New Dual Enrollment Program to Create Affordable Pathway to a Teaching Degree, Prepare Highly-Qualified Teachers for Johnston County

From left, David Johnson, Johnston Community College president; Ross Renfrow, superintendent of Johnston County Public Schools; and Mary Ann Danowitz, dean of the NC State College of Education, signed a memorandum of understanding Monday, Jan. 14, launching the Associate in Science (Teacher Education Concentration) dual enrollment degree program.

SMITHFIELD, N.C.—Johnston County Public Schools, Johnston Community College and the NC State College of Education are establishing a dual enrollment program and piloting an Associate in Science (Teacher Education Concentration) degree to create an affordable pathway to earn a teaching degree and to supply highly-qualified teachers for Johnston County.

“We need to continue to strengthen the talent pipeline for North Carolina teachers. The Associate in Science (Teacher Education Concentration) offers a seamless teacher preparation pathway that begins in high school,” said Lisa Chapman, senior vice president and chief academic officer with the N.C. Community College System. “This Johnston County Schools, Johnston Community College and NC State College of Education partnership will engage potential teachers early in their high school career, will ensure they understand the available teaching opportunities specifically in Johnston County, and understand what those opportunities require in terms of preparation and what they provide in terms of a career. The planned support from all three partners provided throughout the Associate Degree (including the dual enrollment coursework) will help students stay on track, maintain momentum, and complete their baccalaureate with minimal debt.”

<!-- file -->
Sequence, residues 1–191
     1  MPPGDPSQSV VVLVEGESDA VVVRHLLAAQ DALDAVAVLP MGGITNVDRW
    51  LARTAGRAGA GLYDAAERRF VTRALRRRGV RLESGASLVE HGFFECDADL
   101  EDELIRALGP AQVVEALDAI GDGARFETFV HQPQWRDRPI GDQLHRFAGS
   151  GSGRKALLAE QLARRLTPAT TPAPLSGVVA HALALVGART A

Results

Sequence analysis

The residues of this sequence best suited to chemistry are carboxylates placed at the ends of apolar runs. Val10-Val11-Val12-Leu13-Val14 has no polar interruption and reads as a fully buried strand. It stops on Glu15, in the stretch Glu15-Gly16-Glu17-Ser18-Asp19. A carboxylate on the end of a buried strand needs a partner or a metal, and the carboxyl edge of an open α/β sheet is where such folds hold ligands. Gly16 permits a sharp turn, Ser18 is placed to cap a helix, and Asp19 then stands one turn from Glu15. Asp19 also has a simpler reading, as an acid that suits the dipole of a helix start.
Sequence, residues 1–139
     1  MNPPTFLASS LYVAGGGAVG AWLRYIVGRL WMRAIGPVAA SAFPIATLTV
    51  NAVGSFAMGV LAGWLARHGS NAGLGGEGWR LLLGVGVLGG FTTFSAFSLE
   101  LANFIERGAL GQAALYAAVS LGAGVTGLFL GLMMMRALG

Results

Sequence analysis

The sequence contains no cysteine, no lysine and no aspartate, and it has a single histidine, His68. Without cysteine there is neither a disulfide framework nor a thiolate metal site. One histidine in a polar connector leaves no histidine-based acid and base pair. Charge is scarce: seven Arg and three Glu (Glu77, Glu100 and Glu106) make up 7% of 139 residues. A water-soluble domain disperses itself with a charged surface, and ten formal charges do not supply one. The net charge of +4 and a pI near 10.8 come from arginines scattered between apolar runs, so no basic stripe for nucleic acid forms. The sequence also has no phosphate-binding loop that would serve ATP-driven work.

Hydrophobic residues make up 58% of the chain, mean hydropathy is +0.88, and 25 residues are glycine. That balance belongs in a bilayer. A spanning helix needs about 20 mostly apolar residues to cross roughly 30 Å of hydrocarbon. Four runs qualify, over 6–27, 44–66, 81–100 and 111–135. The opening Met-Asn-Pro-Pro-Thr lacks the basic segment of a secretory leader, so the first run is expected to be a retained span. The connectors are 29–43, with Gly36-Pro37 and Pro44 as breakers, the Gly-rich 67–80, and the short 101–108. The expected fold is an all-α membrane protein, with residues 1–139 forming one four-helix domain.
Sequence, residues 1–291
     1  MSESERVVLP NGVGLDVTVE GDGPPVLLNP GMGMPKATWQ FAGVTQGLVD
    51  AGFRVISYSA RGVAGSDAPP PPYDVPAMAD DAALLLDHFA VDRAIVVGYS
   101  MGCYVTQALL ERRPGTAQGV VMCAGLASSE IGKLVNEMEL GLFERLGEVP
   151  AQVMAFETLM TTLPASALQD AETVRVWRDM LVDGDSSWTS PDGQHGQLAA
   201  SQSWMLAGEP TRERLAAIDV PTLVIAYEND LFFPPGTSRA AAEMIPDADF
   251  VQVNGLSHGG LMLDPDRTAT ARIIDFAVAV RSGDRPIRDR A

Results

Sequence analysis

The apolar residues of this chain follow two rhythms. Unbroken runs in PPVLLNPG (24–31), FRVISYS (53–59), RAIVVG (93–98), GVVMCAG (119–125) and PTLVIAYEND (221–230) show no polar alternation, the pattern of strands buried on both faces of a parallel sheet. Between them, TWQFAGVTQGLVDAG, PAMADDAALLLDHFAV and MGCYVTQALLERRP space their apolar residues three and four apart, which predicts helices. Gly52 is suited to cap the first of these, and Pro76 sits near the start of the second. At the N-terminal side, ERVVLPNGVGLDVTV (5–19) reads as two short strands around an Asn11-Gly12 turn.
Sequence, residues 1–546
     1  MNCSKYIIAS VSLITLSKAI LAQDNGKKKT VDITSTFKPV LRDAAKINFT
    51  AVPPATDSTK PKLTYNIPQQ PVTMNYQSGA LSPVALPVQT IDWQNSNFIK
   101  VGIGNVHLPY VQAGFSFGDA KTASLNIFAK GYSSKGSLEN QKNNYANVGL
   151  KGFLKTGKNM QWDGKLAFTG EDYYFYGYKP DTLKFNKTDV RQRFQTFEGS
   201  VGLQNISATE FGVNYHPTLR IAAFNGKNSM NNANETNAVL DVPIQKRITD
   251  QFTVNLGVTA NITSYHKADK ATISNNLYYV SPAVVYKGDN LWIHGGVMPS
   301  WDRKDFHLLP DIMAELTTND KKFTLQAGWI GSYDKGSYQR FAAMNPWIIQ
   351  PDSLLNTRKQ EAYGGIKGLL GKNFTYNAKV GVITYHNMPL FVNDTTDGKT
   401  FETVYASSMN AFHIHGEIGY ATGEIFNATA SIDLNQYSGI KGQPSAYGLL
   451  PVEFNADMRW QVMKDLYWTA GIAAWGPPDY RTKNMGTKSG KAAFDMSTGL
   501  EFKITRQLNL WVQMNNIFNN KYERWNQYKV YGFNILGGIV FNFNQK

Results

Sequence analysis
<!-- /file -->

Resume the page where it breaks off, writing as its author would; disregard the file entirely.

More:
Through the partnership, Johnston County residents will complete their Associate in Science (Teacher Education Concentration) from Johnston Community College. If they complete the program with at least a 3.0 GPA, they will matriculate into a teacher preparation program at NC State University. As the students work toward completing their bachelor’s degree, they will receive field-based experiences in Johnston County.

The Associate in Science (Teacher Education Concentration) is the first of its kind within the North Carolina Community College System, and will serve as a pilot to help prepare teachers who serve rural communities in the state.

“Whether we want to acknowledge it or not, there is a teacher shortage nationally and we cannot continue to do the same things over and over again. We have to tackle this ourselves,” said Johnston County Public Schools Superintendent David Ross Renfrow. “We need Future Teachers of America clubs at elementary, middle and high schools to groom anyone who wants to be a teacher. Thanks to this program, we can now start growing our own teachers in Johnston County.”

In its initial phase, the dual enrollment program is recruiting high school students and employees in the Johnston County Public Schools, as well as current Johnston Community College students.

“Johnston Community College has trained early childhood educators for many years, and we are excited about the opportunity to now partner in this dual-enrolled program and grow our own highly-qualified teachers in Johnston County,” Johnston Community College President David N. Johnson said.

Rather than being a traditional 2-plus-2 transfer program, the dual enrollment program is taking a “wrap-around approach” to identifying and supporting future teachers. Future teachers will be identified as early as high school; and once students begin working on their associate’s degree at Johnston Community College, the NC State College of Education will be involved throughout the program by providing academic advising, co-teaching, synchronous classroom experiences and on-campus enrichment opportunities that align with the college’s course of study.

“This initiative represents the best of collaborations to ensure a seamless pathway to develop the talents and aspirations of students who will return to their community to teach,” said NC State College of Education Dean Mary Ann Danowitz. “We look at this program as becoming a prototype and an exemplar for other districts, community colleges and four-year institutions to help address a critical workforce shortage.”

The Associate in Science (Teacher Education Concentration) program will enroll its first students in Fall 2019. You can learn more about the program here or complete the form below to have someone contact you.


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